• Kevin Davitt

    “are people in NJ and CT willing to pay for anything?” – I’m not sure what you’re asking.

  • Kevin Davitt

    I have no ideas what your numbers are? There’s 8,414,350 people in NJ? Not sure what point you’re trying to make?

  • ohnonononono

    When he said “commuters” I’m sure he meant people who come from out of the city. This is not an uncommon distinction, for instance when people talk of reviving the “commuter tax” in NYC we mean the personal income tax on non-city residents…

  • MTAreinvention

    We just announced our Public Input Sessions for July 15, 16 and 17. Yes, we are on a fast track and since the Commission was created June 24, we have been trying to get the word out to as many people as possible. Be sure to view our online link (http://web.mta.info/mta/news/hearings/index-reinvention.html) for meeting information, but as importantly to the right of the page are links to submit comments if you can’t attend or sign up to speak at the meetings. Also, please share this information with others to encourage as much public engagement as possible in this short time frame. People can also follow our Twitter page @ReinventTranspo or Facebook TransportationReinvention.

  • Janice Schacter Lintz

    We hope The Commission will evaluate the MTA’s position on hearing access. Despite the successful induction loop project for the city’s information booths and call boxes, the MTA cancelled the installation of induction loops on all city buses. The loops were tested on two buses under a former NYCTA Chairman and have been successful on London’s buses. My understanding was the project was to be funded from the 2014 Capital Campaign fund. I was told the dollars were diverted to the Metro North incident and the Sandy clean-up. Why is disability access always the first to be cancelled? What message is NYS sending to tax paying citizens with disabilities?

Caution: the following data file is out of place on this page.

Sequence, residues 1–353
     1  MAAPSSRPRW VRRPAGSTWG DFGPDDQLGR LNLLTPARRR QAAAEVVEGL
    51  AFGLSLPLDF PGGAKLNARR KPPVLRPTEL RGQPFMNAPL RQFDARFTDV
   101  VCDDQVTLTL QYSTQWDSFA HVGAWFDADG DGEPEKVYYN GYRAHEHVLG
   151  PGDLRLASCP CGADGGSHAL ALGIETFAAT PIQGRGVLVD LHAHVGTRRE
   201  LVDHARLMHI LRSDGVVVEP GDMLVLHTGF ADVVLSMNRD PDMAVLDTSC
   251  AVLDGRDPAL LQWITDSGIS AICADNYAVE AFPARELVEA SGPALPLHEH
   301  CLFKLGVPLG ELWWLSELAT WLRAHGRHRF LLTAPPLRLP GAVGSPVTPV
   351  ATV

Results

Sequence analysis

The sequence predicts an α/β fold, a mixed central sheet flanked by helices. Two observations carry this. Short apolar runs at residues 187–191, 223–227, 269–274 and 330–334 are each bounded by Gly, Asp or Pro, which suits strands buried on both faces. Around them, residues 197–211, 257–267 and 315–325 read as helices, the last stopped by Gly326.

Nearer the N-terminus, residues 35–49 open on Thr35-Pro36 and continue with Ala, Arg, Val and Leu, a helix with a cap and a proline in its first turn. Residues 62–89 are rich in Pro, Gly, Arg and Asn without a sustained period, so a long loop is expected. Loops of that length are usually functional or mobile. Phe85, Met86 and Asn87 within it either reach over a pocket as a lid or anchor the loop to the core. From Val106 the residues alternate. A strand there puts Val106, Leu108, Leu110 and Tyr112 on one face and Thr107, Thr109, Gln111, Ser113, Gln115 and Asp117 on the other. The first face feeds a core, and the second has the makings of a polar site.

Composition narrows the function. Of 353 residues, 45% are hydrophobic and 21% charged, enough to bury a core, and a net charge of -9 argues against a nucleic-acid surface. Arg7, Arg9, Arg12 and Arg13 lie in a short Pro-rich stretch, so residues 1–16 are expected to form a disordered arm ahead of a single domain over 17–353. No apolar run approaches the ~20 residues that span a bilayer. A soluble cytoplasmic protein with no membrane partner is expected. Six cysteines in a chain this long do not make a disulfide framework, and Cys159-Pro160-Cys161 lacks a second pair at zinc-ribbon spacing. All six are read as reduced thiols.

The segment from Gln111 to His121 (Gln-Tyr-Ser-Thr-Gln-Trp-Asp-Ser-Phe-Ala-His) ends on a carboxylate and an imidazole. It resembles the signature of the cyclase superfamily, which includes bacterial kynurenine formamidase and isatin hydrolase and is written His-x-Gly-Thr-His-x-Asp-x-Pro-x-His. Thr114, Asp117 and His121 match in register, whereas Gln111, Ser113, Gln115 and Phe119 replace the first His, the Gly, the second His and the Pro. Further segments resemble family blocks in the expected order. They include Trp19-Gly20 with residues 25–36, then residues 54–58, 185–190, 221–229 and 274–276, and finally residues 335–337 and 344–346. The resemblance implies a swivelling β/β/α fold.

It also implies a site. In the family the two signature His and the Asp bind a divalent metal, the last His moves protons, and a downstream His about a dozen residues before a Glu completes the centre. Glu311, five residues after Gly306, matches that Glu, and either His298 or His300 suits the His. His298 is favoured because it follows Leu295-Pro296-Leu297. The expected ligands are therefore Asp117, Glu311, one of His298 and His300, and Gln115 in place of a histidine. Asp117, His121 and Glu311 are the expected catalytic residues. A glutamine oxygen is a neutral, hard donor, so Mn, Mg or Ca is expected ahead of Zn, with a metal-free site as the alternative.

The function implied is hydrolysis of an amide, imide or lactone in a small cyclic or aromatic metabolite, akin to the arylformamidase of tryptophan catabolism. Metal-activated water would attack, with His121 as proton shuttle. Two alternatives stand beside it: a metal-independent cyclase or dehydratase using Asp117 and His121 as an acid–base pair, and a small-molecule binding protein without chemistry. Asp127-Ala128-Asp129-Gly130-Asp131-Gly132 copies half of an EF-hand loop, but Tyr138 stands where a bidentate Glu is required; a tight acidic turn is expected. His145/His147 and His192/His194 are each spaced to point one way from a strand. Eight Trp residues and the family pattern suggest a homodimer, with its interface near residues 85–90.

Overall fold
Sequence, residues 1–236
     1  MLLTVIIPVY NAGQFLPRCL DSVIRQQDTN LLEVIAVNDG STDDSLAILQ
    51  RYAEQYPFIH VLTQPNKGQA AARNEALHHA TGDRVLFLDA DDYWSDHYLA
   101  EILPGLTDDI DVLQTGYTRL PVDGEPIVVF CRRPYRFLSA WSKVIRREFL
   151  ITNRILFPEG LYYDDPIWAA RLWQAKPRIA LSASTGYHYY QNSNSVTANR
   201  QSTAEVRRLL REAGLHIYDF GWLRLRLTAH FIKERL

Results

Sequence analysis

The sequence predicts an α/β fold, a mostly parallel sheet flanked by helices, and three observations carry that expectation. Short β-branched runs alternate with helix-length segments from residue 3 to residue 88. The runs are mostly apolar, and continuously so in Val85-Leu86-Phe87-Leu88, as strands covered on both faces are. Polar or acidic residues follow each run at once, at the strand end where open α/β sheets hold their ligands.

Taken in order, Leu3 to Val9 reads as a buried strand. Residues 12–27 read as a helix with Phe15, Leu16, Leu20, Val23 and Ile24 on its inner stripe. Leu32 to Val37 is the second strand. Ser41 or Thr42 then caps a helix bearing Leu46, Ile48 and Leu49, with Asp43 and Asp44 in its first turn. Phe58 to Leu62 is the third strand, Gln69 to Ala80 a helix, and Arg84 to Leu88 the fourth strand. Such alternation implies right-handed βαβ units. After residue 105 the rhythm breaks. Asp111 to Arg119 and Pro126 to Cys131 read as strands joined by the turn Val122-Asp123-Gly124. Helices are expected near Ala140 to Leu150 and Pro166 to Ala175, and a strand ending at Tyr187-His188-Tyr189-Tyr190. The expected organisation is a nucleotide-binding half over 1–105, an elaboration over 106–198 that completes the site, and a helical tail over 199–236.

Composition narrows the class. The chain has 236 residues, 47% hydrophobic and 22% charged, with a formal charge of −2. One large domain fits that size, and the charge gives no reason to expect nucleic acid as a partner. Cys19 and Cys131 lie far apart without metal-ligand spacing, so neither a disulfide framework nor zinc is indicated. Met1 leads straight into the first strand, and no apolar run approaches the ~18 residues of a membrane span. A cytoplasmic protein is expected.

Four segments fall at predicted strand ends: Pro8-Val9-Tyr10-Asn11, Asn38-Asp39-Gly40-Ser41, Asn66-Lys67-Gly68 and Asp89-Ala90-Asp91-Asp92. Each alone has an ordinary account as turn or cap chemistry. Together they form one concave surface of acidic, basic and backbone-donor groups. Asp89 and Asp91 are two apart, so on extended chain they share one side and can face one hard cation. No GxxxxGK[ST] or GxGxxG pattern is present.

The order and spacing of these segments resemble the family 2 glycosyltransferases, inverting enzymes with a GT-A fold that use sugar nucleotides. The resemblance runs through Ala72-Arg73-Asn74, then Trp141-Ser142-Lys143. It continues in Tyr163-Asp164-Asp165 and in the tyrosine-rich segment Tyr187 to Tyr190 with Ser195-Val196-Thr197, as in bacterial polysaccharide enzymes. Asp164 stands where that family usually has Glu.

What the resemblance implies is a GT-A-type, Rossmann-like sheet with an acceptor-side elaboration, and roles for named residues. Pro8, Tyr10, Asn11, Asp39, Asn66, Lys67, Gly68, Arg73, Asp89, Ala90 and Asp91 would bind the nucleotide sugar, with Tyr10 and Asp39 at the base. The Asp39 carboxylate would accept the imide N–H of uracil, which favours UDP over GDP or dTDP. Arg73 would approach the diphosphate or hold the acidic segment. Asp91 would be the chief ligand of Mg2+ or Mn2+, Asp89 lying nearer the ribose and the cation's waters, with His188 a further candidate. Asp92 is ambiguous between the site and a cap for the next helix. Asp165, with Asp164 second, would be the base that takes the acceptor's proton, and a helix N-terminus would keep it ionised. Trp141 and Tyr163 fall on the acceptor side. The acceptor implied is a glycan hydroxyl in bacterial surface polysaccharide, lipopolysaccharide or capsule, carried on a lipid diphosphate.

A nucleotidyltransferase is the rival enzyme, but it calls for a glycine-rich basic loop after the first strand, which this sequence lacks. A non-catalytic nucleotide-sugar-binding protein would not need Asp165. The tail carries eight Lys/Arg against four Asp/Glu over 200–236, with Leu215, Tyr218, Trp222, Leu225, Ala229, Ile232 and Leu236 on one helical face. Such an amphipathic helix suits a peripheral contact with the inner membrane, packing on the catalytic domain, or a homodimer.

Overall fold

Induction loops are critical for passengers with hearing loss to receive timely and critical announcements. They should not have to rely on other passengers especially, in an emergency. If visual information is sufficient for passengers with hearing loss than why isn’t it sufficient for passengers who can hear?

    The MTA also decided not to include induction loops in their recent bid for new rail cars on the LIRR. They were deemed too expensive despite being inexpensive. Australia, England, Ireland and Spain have or will have induction loops on their rail cars. Why are they not being included in NY?

    The MTA now appears to be trying to prevent the inclusion of induction loops in the new rail guidelines. Is this an appropriate stance for a NYS agency to take? It seems odd that other countries have been able to add this technology but NY can’t and seems to be finding every excuse possible for why it can’t be included?

    The MTA’s Compliance Officer upon information and belief, had no background in access until her appointment to her current position. Recent MTA disability access meetings fail to even have hearing access on the agenda for the last three years. The MTA then wonders why hearing loss organizations fail to attend the meetings? At a recent meeting, neck loops were unavailable, the real time captioning wasn’t working and the sign language interpreter was off to the side in a dimly lit area of the room. No one from the MTA seemed to notice or even care.

    We hope The Commission will remedy the MTA’s approach to hearing access on our state’s transit system. NYS should be an inclusive state starting with our government agencies.

    Janice Schacter Lintz, Chair, Hearing Access Program